International Herald Tribune Editorial - Stampeding Congress, again
Copyright by THe International Herald Tribune
Published: August 3, 2007
Since the 9/11 attacks, the Bush administration has repeatedly demonstrated that it does not feel bound by the law or the Constitution when it comes to the war on terror. It cannot even be trusted to properly use the enhanced powers it was legally granted after the attacks.
Yet, once again, President George W. Bush has been trying to stampede Congress into a completely unnecessary expansion of his power to spy on Americans. And, hard as it is to believe, congressional Republicans seem bent on collaborating, while Democrats (who can still be cowed by the White House's with-us-or-against-us baiting) aren't doing enough to stop it.
The fight is over the 1978 Foreign Intelligence Surveillance Act, which requires the government to obtain a warrant before eavesdropping on electronic communications that involve someone in the United States. The test is whether there is probable cause to believe that the person being communicated with is an agent of a foreign power or a terrorist.
Bush decided after 9/11 that he was no longer going to obey that law. He authorized the National Security Agency to intercept international telephone calls and e-mail messages of Americans and other residents of the United States without a court order. He told the public nothing and Congress next to nothing about what he was doing, until The New York Times disclosed the spying in December 2005.
Ever since, the White House has tried to pressure Congress into legalizing Bush's rogue operation. Most recently, it seized on a secret court ruling that spotlighted a technical way in which the 1978 law has not kept pace with the Internet era.
The government may freely monitor communications when both parties are outside the United States, but must get a warrant aimed at a specific person for communications that originate or end in the United States. The Los Angeles Times reported Thursday that the court that issues such warrants recently ruled that the law also requires that the government seek such an individualized warrant for purely foreign communications that, nevertheless, move through American data networks.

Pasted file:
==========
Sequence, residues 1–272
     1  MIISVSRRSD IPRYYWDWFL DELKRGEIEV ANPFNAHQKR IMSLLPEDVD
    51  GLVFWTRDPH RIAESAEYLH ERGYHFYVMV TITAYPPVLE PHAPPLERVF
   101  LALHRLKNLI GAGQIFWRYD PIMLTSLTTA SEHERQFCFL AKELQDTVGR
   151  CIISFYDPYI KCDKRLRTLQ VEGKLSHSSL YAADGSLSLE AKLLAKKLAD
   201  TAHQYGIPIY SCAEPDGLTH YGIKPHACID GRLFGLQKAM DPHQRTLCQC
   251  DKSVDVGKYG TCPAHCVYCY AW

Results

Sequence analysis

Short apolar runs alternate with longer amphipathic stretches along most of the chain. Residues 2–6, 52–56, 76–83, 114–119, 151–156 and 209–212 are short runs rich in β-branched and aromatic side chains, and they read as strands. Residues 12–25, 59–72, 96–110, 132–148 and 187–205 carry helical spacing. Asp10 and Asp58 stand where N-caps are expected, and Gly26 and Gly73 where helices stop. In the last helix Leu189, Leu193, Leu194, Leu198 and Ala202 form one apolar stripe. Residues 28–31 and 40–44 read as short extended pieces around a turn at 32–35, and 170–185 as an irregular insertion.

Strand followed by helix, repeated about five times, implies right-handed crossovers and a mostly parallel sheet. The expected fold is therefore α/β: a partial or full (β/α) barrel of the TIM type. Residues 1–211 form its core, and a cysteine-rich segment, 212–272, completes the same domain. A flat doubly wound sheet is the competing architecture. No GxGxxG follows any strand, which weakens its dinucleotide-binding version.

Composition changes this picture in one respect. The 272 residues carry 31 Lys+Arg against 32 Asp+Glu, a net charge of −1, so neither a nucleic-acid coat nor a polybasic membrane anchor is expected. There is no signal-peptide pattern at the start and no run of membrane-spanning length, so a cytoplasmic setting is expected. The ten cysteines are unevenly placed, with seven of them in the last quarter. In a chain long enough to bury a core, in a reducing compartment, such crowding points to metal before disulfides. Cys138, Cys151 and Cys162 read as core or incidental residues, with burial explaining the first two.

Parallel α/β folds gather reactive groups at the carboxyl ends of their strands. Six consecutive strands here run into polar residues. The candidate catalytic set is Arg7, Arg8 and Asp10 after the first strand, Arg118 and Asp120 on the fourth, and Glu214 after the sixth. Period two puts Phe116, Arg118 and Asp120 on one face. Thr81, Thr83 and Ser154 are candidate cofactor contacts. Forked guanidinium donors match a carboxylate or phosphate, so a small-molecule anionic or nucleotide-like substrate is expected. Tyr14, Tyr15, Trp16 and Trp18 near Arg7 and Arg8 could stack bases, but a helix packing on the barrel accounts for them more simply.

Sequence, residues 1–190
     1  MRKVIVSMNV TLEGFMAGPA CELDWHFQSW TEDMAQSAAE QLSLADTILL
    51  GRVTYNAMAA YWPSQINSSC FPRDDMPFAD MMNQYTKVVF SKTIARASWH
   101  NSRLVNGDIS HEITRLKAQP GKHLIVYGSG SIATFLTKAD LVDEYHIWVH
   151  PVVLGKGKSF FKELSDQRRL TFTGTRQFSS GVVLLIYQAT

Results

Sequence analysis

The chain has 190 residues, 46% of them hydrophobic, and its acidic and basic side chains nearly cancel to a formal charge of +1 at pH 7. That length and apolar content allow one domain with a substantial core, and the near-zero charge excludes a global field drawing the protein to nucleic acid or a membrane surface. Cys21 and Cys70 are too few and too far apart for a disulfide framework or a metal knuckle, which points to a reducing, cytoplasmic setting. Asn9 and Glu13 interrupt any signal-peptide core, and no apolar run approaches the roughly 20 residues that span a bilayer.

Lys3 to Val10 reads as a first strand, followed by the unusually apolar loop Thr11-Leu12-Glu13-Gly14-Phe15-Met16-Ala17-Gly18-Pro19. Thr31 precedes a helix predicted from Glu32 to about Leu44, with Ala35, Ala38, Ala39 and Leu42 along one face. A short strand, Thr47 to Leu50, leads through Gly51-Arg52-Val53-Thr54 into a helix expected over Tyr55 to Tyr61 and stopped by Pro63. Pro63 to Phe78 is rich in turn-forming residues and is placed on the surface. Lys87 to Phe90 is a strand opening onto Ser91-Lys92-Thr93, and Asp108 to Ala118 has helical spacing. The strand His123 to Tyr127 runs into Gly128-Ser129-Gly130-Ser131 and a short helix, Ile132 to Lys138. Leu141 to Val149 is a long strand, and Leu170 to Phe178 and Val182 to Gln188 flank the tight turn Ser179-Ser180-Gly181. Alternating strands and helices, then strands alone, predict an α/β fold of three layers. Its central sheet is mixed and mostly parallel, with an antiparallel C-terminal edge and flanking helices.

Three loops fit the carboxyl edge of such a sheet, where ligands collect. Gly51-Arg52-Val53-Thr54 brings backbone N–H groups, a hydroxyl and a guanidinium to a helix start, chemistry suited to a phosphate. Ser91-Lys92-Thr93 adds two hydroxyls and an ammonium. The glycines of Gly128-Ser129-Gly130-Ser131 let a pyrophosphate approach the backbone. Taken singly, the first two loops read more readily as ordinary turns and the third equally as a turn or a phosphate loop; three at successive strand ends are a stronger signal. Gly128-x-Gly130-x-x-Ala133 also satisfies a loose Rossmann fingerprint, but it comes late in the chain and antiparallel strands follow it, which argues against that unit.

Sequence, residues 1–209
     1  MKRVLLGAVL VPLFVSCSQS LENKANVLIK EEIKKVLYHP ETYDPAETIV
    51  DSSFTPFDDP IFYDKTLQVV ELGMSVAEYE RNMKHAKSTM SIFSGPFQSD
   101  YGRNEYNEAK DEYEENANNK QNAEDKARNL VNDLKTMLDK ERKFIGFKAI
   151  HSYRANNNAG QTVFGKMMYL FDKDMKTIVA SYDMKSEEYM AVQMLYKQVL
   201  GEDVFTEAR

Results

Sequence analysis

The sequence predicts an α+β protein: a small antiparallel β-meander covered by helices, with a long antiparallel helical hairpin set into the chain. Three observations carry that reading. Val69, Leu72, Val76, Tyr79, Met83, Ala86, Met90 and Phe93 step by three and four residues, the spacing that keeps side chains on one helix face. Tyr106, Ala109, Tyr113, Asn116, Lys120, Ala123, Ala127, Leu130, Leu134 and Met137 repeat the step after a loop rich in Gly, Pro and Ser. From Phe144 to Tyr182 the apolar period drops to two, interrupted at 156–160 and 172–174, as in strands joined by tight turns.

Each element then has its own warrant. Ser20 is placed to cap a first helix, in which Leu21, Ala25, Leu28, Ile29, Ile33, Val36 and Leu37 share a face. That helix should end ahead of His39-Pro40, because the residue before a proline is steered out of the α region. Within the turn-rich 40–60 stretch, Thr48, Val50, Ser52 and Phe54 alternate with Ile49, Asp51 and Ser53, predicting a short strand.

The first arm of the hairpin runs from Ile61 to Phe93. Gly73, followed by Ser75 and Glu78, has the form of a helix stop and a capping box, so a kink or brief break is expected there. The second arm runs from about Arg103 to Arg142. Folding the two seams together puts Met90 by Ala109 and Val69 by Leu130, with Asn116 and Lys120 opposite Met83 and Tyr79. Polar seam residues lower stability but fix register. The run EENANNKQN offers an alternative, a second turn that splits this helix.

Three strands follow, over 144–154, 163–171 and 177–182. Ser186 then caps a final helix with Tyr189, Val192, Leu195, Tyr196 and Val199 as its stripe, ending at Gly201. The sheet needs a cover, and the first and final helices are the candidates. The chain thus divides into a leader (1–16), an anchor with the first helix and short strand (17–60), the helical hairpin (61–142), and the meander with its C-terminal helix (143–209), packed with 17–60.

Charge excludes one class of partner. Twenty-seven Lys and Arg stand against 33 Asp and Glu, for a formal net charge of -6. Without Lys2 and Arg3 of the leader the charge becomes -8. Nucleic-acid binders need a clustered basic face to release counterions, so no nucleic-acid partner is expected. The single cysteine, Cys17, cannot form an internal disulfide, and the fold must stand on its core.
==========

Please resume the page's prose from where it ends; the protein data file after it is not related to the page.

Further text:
Instead of asking Congress to address this anachronism, as it should, the White House sought to use it to destroy the 1978 spying law. It proposed giving the attorney general carte blanche to order eavesdropping on any international telephone calls or e-mail messages if he decided on his own that there was a "reasonable belief" that the target of the surveillance was outside the United States. The attorney general's decision would not be subject to court approval or any supervision.
Senator Jay Rockefeller, the chairman of the Senate Intelligence Committee, has offered a sensible alternative law, as did his fellow Democrat, Senator Russ Feingold. In either case, the attorney general would be able to get a broad warrant to intercept foreign communications routed through American networks for a limited period. Then, he would have to justify the spying in court. This fix would have an expiration date so Congress could then dispassionately consider what permanent changes might be needed to the intelligence surveillance act.
This is not, and has never been, a debate over whether the United States should conduct effective surveillance of terrorists and their supporters. It is over whether America is a nation ruled by law, or the whims of men in power. Bush faced that choice and made the wrong one. Congress must not follow him off the cliff.